Language-Based States (Guha Chapter 9)

[Part of an ongoing series on Ramachandra Guha's India After Gandhi. Last week's entry can be found here. Next week, we will look at Chapter 10, "The Conquest of Nature," on India's approach to development and the modernization of agriculture.]

Guha's Chapter 9, "Redrawing the Map," is about the early phase in the movement to establish language-based states, with particular emphasis on the south (the creation of Andhra Pradesh out of what was formerly the state of Madras), the status of Bombay vis a vis Maharashtra, and the delineation of Punjab.

As Guha points out, though reorganizing states according to language was part of the Congress plank from the 1930s, after Independence/Partition, both Nehru and Sardar Patel were strongly opposed to rushing into any reorganization of states, especially if there was a danger that such reorganizations could lead to the destabilization of the union. The logic behind this hesitation was understandable and quite sound: if the idea of "India" could be broken along the lines of religion, why not also language?

The first new state to be created along the lines of language was Andhra Pradesh, and this was largely due to the hunger strike of Gandhian activist and Telugu leader Potti Sriramulu, who is another one of those great, largely forgotten (well, forgotten outside of Andhra Pradesh at least) "characters" from post-independence Indian history who probably should be better known than he is:

Sriramulu was born in Madras in 1901, and studied sanitary engineering before taking a job with the railroads. In 1928 he suffered a double tragedy, when his wife died along with their newborn child. Two years later he resigned his position to join the Salt Satyagraha. Later, he spent some time at Gandhi's Sabarmati ashram. Later still, he spent eighteen months in jail as part of the individual Satyagraha campaign of 1940-41. . . .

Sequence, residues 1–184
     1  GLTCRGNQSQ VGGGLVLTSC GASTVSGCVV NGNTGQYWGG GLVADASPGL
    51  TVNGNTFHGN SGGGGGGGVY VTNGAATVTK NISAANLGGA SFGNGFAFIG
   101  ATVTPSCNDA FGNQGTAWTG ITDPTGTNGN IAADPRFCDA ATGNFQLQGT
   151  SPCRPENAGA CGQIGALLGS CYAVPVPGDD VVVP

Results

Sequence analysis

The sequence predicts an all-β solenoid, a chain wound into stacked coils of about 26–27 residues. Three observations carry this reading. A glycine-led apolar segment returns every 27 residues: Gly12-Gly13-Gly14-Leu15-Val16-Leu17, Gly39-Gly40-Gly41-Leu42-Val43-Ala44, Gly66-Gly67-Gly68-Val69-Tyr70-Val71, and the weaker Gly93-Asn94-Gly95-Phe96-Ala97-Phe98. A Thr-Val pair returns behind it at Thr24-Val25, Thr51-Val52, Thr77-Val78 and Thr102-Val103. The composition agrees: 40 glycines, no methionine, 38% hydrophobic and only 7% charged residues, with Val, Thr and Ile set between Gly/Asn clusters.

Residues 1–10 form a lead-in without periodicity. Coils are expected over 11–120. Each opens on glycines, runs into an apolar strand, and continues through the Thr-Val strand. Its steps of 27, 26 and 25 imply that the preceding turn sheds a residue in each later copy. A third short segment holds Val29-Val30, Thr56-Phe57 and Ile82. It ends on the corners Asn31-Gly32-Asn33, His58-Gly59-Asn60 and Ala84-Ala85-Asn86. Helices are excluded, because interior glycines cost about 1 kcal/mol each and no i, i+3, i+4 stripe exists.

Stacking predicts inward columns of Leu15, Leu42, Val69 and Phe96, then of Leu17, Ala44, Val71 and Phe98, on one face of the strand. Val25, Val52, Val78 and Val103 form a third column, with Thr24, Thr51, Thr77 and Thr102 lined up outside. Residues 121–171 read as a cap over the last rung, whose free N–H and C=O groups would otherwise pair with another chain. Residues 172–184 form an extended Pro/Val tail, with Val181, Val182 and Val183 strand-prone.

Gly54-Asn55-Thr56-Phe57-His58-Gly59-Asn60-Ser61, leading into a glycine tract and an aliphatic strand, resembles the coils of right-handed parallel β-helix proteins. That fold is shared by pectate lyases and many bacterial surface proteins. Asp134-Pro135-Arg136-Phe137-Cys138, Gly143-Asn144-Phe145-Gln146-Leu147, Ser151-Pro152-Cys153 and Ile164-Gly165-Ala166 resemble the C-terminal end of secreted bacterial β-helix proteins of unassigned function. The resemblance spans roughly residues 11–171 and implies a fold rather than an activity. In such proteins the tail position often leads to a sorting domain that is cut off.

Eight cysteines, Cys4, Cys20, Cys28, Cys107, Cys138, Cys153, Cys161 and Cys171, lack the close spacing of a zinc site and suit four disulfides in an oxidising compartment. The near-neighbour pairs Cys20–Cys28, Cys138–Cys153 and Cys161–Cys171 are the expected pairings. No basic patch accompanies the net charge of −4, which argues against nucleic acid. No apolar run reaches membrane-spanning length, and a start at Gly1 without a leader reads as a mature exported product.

Gandhi did regard Sriramulu with affection but also, it must be said, with a certain exasperation. On 25 November 1946 the disciple had beugn a fast unto death to demand the opening of all temples in Madras province to untouchables. Other congressmen, their minds more focused on the impending freedom of India, urged him to desist. . . .

Potti Sriramulu had called off that fast of 1946 at Gandhi's insistence. But in 1952 he Mahatma was dead; and in any case, Andhra meant more to Sriramulu than the untouchables once had. This fast he would carry out till the end, or until the government of India relented.

Potti Sriramulu died of his hunger strike on December 15, 1952. Three days later, Nehru announced that the formation of the state of Andhra out of the eleven Telugu-speaking districts of Madras.

Of course, with Andhra the reorganization was just beginning. Three years later, the national States Reorganization Committee announced a number of other changes. In the south, the job was easy, as there were four clear language regions (Telugu, Kannada, Tamil, and Malayalam) that could be allocated their own states.